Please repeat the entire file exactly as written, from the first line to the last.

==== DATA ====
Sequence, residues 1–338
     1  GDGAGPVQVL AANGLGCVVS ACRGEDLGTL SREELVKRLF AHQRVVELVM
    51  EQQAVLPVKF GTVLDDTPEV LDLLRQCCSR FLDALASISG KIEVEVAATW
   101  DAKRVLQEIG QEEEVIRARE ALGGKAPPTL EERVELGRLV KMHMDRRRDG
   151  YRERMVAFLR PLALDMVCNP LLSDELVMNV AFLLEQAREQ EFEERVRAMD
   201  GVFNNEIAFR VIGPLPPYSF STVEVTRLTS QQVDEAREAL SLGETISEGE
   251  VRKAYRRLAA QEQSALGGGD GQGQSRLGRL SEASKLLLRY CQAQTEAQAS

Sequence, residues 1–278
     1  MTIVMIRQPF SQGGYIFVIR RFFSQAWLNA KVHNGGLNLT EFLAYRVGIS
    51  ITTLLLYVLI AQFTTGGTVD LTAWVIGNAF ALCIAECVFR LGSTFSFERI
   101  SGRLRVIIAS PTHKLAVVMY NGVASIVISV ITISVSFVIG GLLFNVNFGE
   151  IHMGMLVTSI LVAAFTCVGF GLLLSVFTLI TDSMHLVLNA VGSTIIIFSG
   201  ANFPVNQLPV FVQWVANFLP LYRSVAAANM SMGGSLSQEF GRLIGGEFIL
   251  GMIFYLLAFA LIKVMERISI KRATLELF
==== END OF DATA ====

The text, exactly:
Sequence, residues 1–338
     1  GDGAGPVQVL AANGLGCVVS ACRGEDLGTL SREELVKRLF AHQRVVELVM
    51  EQQAVLPVKF GTVLDDTPEV LDLLRQCCSR FLDALASISG KIEVEVAATW
   101  DAKRVLQEIG QEEEVIRARE ALGGKAPPTL EERVELGRLV KMHMDRRRDG
   151  YRERMVAFLR PLALDMVCNP LLSDELVMNV AFLLEQAREQ EFEERVRAMD
   201  GVFNNEIAFR VIGPLPPYSF STVEVTRLTS QQVDEAREAL SLGETISEGE
   251  VRKAYRRLAA QEQSALGGGD GQGQSRLGRL SEASKLLLRY CQAQTEAQAS

Sequence, residues 1–278
     1  MTIVMIRQPF SQGGYIFVIR RFFSQAWLNA KVHNGGLNLT EFLAYRVGIS
    51  ITTLLLYVLI AQFTTGGTVD LTAWVIGNAF ALCIAECVFR LGSTFSFERI
   101  SGRLRVIIAS PTHKLAVVMY NGVASIVISV ITISVSFVIG GLLFNVNFGE
   151  IHMGMLVTSI LVAAFTCVGF GLLLSVFTLI TDSMHLVLNA VGSTIIIFSG
   201  ANFPVNQLPV FVQWVANFLP LYRSVAAANM SMGGSLSQEF GRLIGGEFIL
   251  GMIFYLLAFA LIKVMERISI KRATLELF